Illuminarium, by Truth Devour, is the creative and thought-provoking first installment in the planned five book Soliloquy’s Labyrinth series.
Harper, a forensic psychologist, discovers a book while hiking in a redwood forest. The book isn’t normal and Harper feels compelled to read it. York, the author of the book, describes the horrors he lived through during his stay in a sanitarium many decades ago. York is struggling between good and evil and Harper is glued to the pages. But is the book only a book or is it more? And why did it present itself to Harper?
This fantasy novel is a story within a story. The author’s challenge is to bring to life not only Harper, the main character, but York as well through the book. Major chunks of the novel have Harper reading York’s journal. This is a major risk since many readers crave non-stop action and suspense, not the protagonist sitting down reading. However, it works. York’s life story is compelling and pulls curious readers in. Also, the horrors he describes are terrible, and yet one can’t stop reading. It’s like watching a car accident—you don’t want to look, but a perverse impulse forces you to witness the awful carnage.
Yet, Illuminarium isn’t solely about York. This is actually Harper’s story. All her life she’s felt different, as if wherever she walked, people stopped to stare. Is she simply insecure or is there a reason for the uncomfortable looks? What she discovers is shocking, unbelievable, and confusing. And it makes for excellent and exciting reading.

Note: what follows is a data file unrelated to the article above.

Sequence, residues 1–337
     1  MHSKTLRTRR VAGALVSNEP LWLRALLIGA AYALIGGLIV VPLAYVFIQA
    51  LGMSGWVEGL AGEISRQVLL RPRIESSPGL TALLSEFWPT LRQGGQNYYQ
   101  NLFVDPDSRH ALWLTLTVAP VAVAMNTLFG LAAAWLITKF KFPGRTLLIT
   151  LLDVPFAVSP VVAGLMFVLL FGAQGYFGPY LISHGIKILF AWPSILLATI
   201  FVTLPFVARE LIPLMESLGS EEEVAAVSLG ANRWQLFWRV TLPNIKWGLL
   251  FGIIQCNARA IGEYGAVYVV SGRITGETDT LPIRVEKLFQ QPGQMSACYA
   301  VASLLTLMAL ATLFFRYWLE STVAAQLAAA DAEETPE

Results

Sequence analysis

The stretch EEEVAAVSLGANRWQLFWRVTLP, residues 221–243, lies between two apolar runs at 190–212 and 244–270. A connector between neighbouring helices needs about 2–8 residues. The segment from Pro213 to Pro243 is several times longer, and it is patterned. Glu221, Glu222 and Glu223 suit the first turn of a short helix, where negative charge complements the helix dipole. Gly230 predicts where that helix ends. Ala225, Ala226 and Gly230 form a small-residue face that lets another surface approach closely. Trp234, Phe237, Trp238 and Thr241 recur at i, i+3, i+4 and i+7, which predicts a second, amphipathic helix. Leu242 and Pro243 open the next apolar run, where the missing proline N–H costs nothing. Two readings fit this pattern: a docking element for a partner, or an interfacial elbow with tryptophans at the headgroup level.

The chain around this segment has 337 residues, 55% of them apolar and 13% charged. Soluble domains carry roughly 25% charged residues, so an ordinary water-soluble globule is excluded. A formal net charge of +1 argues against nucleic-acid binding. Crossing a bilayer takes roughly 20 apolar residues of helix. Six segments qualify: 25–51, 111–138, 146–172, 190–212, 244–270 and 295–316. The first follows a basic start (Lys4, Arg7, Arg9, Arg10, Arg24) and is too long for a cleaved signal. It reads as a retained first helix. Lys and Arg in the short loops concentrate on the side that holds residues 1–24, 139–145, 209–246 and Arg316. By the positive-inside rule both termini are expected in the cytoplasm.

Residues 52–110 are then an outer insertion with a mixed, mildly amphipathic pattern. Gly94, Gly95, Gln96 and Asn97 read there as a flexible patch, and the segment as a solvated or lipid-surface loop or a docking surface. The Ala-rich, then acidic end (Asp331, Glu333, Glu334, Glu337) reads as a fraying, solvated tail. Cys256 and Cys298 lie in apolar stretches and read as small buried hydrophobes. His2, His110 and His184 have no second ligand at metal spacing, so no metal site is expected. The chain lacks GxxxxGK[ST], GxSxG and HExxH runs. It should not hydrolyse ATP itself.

The author supplies vivid descriptions that figuratively yank the reader into the pages. The pain, the drama, the suffering, and the fear almost become real, heightening the suspense and the feeling of doom. While Harper is being pulled further and further into a contest of good and evil, she’s witnessing through York’s words his own battle between right and wrong. The reader is on pins and needles for both and it’s nearly impossible to set the book aside until the full truth is revealed.
Since this is the first in the series, there’s not much resolution, which may frustrate some. Patient readers will appreciate the groundwork Truth Devour has carefully paved in this installment. There are many moving parts and by the final page it’s hard to determine what’s going to happen next. The excitement is built slowly and succinctly. The only rub is that the next book in the series is not yet available.
Some of the scenes in the book are upsetting and quite frankly disturbing. York’s experiences are filled with heartbreaking violence, physical and sexual, and it makes for uncomfortable, squirm in your seat reading. The author has sprinkled in doses of humor to allow the reader to step back from the intensity of the story and to experience a much needed break. And careful readers will pick up on the underlying philosophical tone of the author’s overall message.
In summary, if you enjoy uniquely plotted fantasy novels with heart, this may be right up your alley.